Ensuring a supply of clean, affordable, reliable energy for the future is perhaps the greatest challenge of the 21st century. Solving the problems of global climate change, worldwide energy-supply vulnerabilities, and rapidly expanding demand will require us to accelerate the introduction of new energy technologies and to deploy them on a very large scale.
Pressing needs exist for more efficient technologies for electricity storage; new services to help industrial, commercial, and residential users manage energy consumption intelligently; and better strategies for minimizing environmental impacts of energy supply, transport, and use. We also need improved technologies for capturing and storing carbon dioxide, along with more robust mechanisms to protect against energy-supply interruptions and damage to energy infrastructures. Deploying these innovations on the scale necessary will require massive commitment of capital and possibly also far-reaching behavioral change over the coming decades.
At the Industrial Performance Center (IPC), research focuses on energy innovation systems at the local, national, and international scales. To overcome bottlenecks to innovation downstream of the R&D stage, we take into consideration the complex backdrop of incentives, regulations, markets, and public and private interests against which development, demonstration, early adoption, and diffusion of new energy technologies take place.
MIT Energy Innovation Summit -- Countries around the world are investing heavily in the development of clean energy technologies in an effort to become global leaders in this emerging, growing industry. National policies around clean energy and energy innovation are critical for achieving significant carbon emission reductions in the country while also building a globally competitive industry. However, while national policy is an essential component in reaching these objectives, so too is the innovation and policy development that is taking place at the regional level. Regions like New England and Silicon Valley are leading the world in the creation of new technologies and companies that serve regional, national and global markets.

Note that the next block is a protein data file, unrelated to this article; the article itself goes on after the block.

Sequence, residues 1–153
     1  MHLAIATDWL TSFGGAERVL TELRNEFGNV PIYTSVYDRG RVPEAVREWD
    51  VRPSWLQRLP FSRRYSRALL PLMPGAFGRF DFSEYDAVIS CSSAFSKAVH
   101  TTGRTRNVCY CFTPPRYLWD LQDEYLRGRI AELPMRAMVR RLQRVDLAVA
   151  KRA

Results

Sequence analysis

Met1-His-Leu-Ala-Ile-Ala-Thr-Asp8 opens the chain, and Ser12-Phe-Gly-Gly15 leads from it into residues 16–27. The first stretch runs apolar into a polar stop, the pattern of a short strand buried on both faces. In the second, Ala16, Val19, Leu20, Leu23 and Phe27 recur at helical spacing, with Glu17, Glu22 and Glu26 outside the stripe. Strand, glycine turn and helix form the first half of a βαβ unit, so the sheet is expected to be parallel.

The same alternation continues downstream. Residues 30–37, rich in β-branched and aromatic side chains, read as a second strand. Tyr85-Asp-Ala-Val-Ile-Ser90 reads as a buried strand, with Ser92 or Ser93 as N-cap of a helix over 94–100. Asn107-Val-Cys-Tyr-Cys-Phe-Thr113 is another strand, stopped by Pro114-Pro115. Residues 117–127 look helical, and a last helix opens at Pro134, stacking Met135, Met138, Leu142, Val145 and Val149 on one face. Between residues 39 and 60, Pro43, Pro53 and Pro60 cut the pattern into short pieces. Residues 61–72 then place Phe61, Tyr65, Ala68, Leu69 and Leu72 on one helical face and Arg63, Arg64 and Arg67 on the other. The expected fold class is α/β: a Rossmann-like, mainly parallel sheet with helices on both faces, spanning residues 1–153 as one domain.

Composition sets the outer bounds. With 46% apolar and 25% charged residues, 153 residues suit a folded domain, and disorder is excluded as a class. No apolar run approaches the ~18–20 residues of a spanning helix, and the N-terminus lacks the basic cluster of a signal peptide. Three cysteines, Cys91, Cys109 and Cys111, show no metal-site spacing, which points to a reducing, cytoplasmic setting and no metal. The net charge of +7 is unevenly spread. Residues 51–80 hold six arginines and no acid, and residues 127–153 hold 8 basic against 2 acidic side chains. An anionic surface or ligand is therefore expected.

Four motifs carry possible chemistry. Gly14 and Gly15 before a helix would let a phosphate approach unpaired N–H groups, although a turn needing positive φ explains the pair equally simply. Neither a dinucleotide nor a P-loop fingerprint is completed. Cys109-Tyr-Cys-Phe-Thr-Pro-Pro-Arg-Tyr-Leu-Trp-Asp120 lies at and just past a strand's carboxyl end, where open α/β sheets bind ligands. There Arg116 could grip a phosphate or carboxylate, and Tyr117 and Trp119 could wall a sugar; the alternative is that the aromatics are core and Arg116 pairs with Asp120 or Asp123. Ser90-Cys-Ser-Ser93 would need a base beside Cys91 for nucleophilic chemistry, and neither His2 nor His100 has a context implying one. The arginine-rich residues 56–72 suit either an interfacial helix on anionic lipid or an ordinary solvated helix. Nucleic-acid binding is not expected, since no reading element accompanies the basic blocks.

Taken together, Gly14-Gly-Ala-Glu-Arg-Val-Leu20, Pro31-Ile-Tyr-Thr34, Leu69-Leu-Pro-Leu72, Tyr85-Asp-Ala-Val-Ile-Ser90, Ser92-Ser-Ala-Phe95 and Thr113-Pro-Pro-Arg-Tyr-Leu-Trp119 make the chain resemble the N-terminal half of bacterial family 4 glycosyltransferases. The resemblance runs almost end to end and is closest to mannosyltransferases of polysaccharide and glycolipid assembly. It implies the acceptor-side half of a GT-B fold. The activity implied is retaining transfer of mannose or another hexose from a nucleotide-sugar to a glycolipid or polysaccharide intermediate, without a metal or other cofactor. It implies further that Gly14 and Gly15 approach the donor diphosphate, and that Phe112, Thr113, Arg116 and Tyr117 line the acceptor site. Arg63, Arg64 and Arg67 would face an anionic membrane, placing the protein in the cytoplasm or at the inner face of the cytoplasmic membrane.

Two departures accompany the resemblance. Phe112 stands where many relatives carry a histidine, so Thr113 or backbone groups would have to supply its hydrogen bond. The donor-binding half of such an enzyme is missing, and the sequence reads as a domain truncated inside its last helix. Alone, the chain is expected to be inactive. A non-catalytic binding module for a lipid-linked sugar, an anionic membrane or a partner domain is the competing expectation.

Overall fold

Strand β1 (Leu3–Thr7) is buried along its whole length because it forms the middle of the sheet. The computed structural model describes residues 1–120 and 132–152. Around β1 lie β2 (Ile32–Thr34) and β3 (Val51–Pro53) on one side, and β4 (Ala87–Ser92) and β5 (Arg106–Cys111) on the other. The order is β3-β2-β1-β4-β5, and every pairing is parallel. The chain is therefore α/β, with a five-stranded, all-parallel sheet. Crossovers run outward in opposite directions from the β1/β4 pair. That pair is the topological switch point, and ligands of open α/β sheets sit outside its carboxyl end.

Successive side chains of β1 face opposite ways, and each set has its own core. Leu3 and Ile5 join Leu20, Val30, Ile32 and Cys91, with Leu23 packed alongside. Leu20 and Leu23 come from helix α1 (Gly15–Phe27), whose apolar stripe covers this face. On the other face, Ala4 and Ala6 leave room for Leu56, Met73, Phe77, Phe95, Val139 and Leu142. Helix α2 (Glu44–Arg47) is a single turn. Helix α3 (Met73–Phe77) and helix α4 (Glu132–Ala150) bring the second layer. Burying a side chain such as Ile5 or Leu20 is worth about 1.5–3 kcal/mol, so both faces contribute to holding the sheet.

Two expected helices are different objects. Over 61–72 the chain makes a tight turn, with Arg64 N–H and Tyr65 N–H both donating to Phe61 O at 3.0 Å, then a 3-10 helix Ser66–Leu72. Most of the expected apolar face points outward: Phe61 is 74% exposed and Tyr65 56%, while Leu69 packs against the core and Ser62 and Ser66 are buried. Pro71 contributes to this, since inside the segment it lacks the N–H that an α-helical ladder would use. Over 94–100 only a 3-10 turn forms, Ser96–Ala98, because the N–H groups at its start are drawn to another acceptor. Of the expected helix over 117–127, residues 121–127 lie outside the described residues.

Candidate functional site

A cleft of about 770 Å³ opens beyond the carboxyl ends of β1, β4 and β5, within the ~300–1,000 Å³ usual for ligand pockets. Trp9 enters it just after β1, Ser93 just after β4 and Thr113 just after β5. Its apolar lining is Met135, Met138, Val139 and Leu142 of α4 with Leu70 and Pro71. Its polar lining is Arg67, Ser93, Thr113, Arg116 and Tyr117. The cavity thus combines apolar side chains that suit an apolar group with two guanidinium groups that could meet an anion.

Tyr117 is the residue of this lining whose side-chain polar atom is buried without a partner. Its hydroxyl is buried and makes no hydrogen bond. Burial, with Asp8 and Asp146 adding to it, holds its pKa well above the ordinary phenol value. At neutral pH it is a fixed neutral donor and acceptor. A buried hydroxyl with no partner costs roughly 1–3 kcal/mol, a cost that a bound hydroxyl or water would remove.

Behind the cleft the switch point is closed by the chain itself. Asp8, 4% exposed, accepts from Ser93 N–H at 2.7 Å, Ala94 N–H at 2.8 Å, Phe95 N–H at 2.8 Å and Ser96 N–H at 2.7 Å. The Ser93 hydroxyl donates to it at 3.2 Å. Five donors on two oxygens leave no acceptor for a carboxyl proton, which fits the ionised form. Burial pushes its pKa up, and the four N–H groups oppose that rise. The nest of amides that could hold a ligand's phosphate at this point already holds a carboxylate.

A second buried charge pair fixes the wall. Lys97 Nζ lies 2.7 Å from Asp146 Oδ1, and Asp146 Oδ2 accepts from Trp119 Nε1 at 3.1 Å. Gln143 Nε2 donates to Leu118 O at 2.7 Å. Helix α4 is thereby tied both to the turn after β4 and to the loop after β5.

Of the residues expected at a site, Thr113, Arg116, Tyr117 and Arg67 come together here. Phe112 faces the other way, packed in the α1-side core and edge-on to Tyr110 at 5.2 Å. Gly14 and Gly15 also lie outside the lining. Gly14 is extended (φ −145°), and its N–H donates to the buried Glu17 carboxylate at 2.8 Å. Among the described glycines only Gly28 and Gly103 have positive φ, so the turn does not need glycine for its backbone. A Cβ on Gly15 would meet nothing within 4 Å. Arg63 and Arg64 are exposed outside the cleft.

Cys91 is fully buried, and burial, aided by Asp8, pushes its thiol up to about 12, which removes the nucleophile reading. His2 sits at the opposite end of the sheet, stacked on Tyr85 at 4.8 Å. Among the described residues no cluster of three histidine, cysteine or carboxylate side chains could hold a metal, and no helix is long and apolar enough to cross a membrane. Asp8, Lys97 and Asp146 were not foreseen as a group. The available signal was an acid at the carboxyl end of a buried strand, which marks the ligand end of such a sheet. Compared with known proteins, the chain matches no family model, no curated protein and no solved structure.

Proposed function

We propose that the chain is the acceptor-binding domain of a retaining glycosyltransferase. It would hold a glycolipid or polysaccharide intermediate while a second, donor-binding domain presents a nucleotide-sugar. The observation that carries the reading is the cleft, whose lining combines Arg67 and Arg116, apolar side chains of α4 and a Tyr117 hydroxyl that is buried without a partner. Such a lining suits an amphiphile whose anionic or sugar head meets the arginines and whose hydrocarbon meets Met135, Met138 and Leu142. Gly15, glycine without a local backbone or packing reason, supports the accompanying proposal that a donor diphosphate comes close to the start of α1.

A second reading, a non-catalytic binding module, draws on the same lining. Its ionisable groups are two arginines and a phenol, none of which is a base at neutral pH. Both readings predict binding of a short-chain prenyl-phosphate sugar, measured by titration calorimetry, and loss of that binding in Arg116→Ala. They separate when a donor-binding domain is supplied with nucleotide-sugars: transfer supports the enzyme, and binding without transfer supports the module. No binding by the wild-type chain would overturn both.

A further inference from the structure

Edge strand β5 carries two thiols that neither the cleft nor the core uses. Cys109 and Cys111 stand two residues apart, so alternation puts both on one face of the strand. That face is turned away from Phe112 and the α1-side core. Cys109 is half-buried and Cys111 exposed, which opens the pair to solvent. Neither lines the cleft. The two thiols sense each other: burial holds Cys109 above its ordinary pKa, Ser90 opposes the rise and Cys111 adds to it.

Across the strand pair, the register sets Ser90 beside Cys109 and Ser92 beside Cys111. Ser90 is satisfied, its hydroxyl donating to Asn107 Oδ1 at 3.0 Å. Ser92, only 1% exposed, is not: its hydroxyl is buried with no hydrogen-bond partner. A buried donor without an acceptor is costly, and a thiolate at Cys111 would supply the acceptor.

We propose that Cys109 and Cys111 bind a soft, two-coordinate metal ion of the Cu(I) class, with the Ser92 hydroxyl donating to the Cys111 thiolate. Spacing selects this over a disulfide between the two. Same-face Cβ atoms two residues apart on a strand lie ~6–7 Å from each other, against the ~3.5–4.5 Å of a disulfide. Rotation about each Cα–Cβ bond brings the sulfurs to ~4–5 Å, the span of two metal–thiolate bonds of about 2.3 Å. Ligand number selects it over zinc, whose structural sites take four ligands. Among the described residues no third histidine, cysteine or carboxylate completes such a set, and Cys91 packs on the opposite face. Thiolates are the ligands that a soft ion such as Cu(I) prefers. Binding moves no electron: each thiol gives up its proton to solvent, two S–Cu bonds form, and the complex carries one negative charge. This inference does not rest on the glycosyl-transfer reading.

In an effort to focus on the important role regions can play in developing the clean energy industry, in October, 2010, MIT convened approximately 50 industry leaders drawn from New England to discuss how to grow this emerging industry in the region. The meeting was convened under the auspices of President Susan Hockfield’s Advisory Council on Regional Engagement. The specific topic for the day was the challenge of financing the post-demonstration/first commercial scale deployment of new energy technologies. But the discussion was wide ranging and covered a number of important issues related to creating a clean energy innovation system in the region, including innovation in small and large companies, early adoption and building new markets, manufacturing, and public policy.